Aumsville’s water wins Best in State – Page 8
Vol. 12 No. 4
I N SI D E
COMMUNITY NEWS Serving Stayton, Sublimity, Aumsville, Lyon & Mehama
A dance for dads and daughters – Page 11
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Our Town Monthly
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City needs help to meet Ford Family Foundation challenge grant
The city of Stayton needs another $25,000 to meet a challenge grant from the Ford Family Foundation. “If we complete our fundraising of $100,000, the Ford Family Foundation will match us an additional $100,000,” said Kelli Stevens, permit clerk with the city.
The Girl Next Door Kaitlin Sandall, Promise of Oregon.............5
Civics 101 Aumsville’s water named best in state........8
“Donations within or around this community are vital to receiving the full funding for the Pioneer Park Rehabilitation project. We are asking the community to get involved, step up to the challenge, and help us reach our
With funding secured, the city can move forward on new restrooms and a pavilion for Pioneer Park, Stevens said. According to Stevens, city staff completed the “redline” review and comments on the Pioneer Park plans and specs, and the park renovation is still on schedule. “We are reaching out to everyone in the community and asking for their involvement and support,” she said. For information, call 503-769-2919.
Something Fun A dance for dads and daughters................11
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On the cover Ben and Gabby Laro at last year’s Santiam Canyon Father-Daughter Ball. Rustic Pear Photography
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Our Town Monthly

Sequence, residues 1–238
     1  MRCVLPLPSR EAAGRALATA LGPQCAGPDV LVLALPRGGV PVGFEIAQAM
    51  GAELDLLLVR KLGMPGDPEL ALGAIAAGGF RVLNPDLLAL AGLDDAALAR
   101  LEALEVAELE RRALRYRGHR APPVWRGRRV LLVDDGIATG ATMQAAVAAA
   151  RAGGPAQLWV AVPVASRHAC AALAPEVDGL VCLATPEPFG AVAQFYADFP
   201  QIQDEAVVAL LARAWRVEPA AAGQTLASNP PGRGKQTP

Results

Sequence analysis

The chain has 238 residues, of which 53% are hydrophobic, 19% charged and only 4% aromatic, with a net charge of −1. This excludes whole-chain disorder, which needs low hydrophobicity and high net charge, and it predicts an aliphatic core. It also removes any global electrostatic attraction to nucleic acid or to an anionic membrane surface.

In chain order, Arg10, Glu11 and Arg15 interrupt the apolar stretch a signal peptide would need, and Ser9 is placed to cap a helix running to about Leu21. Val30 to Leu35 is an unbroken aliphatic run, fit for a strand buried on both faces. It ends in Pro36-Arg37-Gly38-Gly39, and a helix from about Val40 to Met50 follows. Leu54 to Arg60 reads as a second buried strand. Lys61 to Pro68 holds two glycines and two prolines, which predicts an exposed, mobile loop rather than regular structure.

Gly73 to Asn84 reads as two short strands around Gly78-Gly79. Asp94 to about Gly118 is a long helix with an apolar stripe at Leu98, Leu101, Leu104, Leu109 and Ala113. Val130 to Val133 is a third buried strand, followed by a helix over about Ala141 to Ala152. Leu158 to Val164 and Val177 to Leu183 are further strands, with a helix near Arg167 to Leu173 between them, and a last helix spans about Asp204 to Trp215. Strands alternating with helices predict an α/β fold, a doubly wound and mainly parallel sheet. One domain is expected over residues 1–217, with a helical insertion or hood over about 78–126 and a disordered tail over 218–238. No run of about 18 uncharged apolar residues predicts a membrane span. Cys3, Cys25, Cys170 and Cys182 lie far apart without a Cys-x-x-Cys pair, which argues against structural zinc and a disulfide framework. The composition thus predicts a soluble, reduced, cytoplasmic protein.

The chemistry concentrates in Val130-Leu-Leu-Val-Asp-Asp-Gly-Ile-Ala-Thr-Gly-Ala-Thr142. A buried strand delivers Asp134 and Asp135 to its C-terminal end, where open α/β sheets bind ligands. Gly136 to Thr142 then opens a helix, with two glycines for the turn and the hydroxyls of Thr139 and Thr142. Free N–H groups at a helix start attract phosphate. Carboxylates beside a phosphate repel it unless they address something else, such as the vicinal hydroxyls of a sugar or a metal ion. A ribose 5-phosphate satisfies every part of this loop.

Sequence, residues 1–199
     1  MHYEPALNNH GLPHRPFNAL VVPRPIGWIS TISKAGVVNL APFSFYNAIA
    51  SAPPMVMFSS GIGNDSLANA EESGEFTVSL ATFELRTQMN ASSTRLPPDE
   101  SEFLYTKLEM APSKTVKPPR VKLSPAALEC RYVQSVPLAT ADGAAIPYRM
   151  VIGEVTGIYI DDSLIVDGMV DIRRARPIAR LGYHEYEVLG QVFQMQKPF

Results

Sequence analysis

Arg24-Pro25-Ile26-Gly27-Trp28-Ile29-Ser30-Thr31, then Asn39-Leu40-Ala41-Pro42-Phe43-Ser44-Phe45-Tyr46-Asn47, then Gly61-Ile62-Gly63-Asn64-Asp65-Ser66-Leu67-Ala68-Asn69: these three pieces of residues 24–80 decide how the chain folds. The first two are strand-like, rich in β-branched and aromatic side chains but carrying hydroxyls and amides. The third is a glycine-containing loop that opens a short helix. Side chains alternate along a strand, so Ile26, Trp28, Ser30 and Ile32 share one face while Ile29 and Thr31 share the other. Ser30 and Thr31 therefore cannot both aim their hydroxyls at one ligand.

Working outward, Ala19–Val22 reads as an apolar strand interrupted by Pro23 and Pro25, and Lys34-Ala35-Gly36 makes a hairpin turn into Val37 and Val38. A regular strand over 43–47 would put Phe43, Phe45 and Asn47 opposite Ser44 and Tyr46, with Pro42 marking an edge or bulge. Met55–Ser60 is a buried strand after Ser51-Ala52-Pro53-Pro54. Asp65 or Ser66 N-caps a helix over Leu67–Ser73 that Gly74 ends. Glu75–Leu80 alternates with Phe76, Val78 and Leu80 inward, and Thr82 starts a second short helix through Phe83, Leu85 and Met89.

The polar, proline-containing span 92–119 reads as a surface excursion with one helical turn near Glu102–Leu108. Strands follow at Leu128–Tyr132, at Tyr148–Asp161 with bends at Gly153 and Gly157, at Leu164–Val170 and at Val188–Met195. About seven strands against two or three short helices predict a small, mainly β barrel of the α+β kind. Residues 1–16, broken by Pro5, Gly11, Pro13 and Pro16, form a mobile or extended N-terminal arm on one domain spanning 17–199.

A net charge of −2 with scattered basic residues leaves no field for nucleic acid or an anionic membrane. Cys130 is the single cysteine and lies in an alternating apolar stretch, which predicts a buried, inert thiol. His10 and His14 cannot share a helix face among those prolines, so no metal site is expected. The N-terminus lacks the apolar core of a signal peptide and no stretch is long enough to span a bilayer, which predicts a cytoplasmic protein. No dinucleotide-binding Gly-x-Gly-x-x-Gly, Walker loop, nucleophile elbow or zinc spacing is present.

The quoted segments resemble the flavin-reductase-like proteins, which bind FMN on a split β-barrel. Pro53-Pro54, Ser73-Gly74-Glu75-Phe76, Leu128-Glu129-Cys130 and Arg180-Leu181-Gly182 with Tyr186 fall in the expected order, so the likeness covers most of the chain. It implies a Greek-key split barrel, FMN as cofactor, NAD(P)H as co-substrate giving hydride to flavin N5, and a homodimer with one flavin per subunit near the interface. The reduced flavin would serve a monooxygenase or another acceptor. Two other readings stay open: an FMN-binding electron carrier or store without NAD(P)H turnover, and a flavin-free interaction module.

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A Grin at the End.................18
Thank you for spending time with Our Town. Your comments and suggestions are always welcome.
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4 • April 2015
Our Town Monthly
The Girl Next Door
Sharing her story
Kaitlin Sandall, 12, makes Promise of Oregon video “A lot of people I know assume I can’t eat sugar or that I got diabetes because I ate too much sugar in the first place,” she said. “I can eat anything I want as long as I take insulin when I eat. I wear an insulin pump that is connected to my body, and I carry around a blood glucose meter.
By Mary Owen Recently diagnosed with diabetes, a Sublimity Middle School seventh-grader talks about educating others on the disease in a short video, Hope for the Future, that debuted this month as part of “The Promise of Oregon” campaign.
“I would love to be able to talk with newly diagnosed kids while they are in the hospital,” she added. “My mom and I are brainstorming ways we can volunteer or offer to help.”
“Education means a lot to me, because it just helps me think ‘I can do this, I’m not going to fail, I’ve got this!’” said Kaitlin Sandall, a 12-year-old who lives with her parents Allison and Josh, 9-year-old brother Jacob, and the family’s three dogs, including her own pup, Boo.
Sharing about diabetes on her video makes her feel grateful, Kaitlin said.
Kaitlin wants to be a diabetes educator or dietitian when she grows up.
“Some people at school have said that they liked it,” she said. “My family was excited to see it and called to say they are proud of me.”